As federal lawmakers negotiate details of potential gun reform legislation, Washington state’s experience shows that funding must follow for good policy to take root.

Before talks reportedly stalled Friday, U.S. senators appeared poised to reach rare bipartisan agreement to strengthen federal gun laws. The draft proposal includes funding for red flag laws that would allow law enforcement to temporarily remove weapons from people in mental health crisis. It would expand purchase prohibitions for people convicted of domestic violence to include non-married intimate partners, closing the so-called “boyfriend loophole.” It would require stronger background checks for gun buyers under age 21.

These changes, while significant nationally, wouldn’t likely make much of a difference in Washington state, which has some of the country’s strongest gun-safety laws, according to the Giffords Law Center to Prevent Gun Violence. But heightened public awareness, and federal funding, might.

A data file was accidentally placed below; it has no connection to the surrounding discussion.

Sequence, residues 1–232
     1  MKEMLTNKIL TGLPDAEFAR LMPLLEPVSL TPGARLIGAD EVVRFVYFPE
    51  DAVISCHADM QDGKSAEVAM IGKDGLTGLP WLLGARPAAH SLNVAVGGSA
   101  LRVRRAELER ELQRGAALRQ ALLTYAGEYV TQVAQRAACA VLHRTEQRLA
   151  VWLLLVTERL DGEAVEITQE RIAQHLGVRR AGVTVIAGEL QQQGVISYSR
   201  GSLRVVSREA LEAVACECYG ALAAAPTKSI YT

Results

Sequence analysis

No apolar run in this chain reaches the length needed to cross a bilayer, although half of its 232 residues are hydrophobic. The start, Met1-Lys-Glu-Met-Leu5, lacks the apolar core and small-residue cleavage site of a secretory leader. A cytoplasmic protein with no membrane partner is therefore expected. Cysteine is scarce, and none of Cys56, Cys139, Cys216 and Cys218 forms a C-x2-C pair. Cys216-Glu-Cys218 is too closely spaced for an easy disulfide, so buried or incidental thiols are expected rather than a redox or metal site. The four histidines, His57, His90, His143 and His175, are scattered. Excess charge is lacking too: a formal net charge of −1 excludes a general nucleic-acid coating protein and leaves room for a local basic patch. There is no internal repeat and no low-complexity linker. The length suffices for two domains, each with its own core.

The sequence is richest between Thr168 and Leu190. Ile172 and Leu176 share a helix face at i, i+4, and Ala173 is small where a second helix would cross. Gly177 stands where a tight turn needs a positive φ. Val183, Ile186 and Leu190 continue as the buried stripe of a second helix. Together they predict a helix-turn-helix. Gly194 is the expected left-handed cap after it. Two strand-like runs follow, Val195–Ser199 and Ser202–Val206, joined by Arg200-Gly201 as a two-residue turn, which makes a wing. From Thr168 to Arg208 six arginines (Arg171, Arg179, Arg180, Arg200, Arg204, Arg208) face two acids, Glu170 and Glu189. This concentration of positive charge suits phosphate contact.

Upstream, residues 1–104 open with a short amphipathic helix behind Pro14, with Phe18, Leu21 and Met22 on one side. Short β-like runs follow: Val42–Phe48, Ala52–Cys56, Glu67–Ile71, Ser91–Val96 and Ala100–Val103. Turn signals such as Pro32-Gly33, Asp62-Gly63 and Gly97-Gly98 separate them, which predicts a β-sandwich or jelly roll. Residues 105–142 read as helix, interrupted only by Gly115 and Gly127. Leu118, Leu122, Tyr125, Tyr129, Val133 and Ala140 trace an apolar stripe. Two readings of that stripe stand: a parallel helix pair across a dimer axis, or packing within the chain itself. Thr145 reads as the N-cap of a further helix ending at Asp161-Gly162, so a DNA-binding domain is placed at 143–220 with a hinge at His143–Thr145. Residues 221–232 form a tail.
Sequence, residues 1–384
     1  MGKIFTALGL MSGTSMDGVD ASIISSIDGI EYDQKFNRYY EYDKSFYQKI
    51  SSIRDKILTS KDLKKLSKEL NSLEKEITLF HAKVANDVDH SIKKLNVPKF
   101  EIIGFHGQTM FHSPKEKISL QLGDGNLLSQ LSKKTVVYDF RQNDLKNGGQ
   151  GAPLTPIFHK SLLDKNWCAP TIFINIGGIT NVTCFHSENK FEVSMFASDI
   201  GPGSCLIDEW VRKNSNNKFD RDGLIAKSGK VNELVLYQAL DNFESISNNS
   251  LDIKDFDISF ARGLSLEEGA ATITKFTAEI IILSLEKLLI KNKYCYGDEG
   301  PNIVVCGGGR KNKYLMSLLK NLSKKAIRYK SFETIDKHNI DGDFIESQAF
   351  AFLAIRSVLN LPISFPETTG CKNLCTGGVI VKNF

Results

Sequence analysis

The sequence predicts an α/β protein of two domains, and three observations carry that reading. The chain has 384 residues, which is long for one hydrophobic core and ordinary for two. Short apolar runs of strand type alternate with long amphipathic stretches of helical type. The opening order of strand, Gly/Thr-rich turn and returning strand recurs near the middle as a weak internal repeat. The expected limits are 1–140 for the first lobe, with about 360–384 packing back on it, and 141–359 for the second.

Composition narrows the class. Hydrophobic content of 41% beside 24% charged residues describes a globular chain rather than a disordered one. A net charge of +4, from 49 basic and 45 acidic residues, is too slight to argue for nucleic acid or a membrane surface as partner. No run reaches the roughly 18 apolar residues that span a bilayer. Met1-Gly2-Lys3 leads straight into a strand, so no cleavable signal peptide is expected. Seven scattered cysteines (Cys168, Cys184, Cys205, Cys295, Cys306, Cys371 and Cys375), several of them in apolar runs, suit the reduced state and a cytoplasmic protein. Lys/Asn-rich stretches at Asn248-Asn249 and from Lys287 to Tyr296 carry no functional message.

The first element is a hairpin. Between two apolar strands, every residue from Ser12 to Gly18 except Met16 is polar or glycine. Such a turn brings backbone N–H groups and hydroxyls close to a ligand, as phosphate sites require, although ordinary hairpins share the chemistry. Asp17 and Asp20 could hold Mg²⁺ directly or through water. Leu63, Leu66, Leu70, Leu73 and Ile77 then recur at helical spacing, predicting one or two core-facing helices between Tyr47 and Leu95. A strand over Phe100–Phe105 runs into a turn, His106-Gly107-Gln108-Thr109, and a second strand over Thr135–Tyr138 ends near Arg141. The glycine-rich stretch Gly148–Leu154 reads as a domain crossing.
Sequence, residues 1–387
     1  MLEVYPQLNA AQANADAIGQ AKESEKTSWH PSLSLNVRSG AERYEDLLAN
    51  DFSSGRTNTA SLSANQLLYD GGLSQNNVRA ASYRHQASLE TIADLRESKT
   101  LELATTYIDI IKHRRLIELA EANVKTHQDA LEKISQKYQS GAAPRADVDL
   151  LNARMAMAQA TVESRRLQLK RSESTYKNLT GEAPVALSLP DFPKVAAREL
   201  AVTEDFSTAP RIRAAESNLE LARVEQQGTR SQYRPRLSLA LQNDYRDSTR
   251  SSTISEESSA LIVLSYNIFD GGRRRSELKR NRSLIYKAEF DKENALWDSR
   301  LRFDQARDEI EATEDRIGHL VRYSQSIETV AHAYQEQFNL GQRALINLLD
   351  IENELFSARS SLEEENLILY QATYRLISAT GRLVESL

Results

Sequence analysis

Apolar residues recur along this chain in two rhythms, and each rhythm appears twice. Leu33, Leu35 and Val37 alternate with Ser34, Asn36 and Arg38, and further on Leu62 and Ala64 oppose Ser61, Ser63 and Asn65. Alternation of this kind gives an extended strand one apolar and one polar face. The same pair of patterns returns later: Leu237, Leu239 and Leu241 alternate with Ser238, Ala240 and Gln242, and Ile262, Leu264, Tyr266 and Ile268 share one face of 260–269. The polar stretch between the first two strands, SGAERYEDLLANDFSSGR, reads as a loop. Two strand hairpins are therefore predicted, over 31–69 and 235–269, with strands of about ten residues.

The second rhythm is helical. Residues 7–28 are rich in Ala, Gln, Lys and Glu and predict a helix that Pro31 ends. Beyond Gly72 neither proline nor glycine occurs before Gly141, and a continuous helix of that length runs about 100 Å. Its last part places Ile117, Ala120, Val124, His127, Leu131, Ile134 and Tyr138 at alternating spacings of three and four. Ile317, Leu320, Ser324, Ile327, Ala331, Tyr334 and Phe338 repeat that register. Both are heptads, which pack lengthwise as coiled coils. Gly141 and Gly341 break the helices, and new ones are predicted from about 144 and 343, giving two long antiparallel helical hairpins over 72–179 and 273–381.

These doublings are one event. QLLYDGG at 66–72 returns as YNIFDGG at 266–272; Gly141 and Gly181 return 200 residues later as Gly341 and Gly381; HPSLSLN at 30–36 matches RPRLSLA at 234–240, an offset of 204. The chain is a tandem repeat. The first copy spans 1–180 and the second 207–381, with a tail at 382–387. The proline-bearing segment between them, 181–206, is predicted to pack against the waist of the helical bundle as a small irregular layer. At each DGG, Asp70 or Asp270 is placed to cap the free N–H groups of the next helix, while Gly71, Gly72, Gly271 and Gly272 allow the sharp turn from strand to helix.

Lawmakers enacted a red flag law here in 2016, but the option is still not being used to its full potential, says Dr. Frederick Rivara, director of the firearm-injury and policy-research program at the University of Washington’s Harborview Injury Prevention and Research Center.

Another shortfall: A lack of adequate statewide mental health resources, especially in light of the marked increase in anxiety, depression and stress in young people during the pandemic.

He noted that while popular discussions of gun legislation tend to focus on assaults and active shooters, 75% of the firearm deaths in Washington, 60% nationally, are caused by suicide.


“We have lots of kids that are stressed that we see for various reasons, and finding counselors for them can be difficult,” he said. “It’s a problem across the country.”

Stronger protections on paper are only the beginning. It will take money and resources to stem this troubling tide.

U.S. senators hope to finalize a deal before the July 4 recess. They should persist in finding solutions to their disagreements. But, importantly, they must give states the tools to put plans into lifesaving action.